Ceramics of Japan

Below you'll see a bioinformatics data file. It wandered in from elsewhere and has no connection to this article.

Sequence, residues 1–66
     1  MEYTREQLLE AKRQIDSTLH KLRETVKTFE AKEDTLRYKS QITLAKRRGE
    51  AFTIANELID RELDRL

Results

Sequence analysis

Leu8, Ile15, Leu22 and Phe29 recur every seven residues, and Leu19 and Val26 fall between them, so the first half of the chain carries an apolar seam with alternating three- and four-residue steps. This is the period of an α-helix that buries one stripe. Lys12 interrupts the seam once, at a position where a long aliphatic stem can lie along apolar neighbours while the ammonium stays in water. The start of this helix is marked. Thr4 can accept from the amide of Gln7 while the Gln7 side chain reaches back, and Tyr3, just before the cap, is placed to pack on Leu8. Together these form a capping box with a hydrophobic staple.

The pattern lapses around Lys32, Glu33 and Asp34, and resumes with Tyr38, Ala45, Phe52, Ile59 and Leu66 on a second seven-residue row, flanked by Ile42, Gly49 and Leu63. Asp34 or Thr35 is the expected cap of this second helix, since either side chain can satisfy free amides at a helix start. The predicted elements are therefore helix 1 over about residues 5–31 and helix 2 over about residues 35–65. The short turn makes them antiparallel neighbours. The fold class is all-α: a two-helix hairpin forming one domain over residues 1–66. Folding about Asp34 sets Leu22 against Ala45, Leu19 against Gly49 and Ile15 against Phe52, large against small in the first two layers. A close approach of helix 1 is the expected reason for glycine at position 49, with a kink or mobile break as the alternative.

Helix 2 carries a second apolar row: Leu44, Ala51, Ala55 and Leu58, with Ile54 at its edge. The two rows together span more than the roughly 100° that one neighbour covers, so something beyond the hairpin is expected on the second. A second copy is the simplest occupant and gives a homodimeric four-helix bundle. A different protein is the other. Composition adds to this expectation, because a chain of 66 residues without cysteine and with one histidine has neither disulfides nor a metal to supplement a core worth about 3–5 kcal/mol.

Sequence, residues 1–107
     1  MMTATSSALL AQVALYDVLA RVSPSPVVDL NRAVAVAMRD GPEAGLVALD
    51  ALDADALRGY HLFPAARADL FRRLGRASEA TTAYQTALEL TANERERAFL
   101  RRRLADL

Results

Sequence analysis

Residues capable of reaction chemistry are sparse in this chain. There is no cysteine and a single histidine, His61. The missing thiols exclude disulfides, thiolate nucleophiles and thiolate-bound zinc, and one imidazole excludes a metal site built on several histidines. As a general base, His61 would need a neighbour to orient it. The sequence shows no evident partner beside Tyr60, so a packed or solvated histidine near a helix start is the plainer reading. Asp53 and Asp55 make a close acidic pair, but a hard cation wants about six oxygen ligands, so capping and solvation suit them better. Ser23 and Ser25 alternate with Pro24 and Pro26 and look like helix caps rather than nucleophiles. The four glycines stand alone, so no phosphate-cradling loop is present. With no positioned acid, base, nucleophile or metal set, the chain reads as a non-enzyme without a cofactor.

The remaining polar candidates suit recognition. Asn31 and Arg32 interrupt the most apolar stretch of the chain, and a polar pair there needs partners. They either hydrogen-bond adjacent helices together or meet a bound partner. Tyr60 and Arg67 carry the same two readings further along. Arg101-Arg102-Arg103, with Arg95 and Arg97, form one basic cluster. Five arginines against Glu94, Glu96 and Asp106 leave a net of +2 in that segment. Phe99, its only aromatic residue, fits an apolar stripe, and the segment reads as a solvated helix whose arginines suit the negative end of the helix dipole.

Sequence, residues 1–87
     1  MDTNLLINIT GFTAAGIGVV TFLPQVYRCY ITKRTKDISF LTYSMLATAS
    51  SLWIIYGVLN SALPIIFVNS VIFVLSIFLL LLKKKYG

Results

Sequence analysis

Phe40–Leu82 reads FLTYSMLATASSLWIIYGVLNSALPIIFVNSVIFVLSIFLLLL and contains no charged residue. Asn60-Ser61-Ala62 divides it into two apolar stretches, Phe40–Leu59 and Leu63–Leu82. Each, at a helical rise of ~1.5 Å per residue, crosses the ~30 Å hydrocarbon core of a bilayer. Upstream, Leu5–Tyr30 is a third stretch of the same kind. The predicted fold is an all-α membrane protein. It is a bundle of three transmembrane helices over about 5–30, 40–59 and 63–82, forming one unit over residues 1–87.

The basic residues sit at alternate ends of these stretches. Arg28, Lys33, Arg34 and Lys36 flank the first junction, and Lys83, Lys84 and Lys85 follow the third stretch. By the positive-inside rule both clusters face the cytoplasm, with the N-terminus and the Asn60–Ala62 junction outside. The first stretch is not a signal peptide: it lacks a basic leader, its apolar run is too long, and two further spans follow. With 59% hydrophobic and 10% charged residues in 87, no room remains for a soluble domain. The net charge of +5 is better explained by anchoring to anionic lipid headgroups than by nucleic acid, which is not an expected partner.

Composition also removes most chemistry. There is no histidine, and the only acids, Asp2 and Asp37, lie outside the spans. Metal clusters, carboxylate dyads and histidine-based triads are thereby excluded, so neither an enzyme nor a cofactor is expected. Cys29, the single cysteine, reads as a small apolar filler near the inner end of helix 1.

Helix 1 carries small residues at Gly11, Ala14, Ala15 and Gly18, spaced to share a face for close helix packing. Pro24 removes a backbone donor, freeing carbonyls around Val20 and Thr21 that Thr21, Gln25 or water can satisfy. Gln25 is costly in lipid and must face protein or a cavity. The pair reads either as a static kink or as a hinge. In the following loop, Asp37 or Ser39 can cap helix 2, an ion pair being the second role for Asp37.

This collection represents the kind of ceramics known in Japan as “folk art.” These modest and sturdy vessels were made at regional kilns and sold at low prices to a broad public, both rural and urban. In the late 19th and early 20th century, modest handmade ceramics gradually disappeared. In 1926, a group of urban intellectuals and artists banded together to protect these products. They created a new word, mingei, “crafts made for the common folk”. Calling themselves the Folk Craft Movement, they worked to create new awareness and a new market for rural crafts among the urban elite, and, in 1936 open the FolkCraftMuseum in Tokyo. Some of the older objects in this collection represent the types of rural ceramics that first caught the eye of Folk Craft Movement pioneers.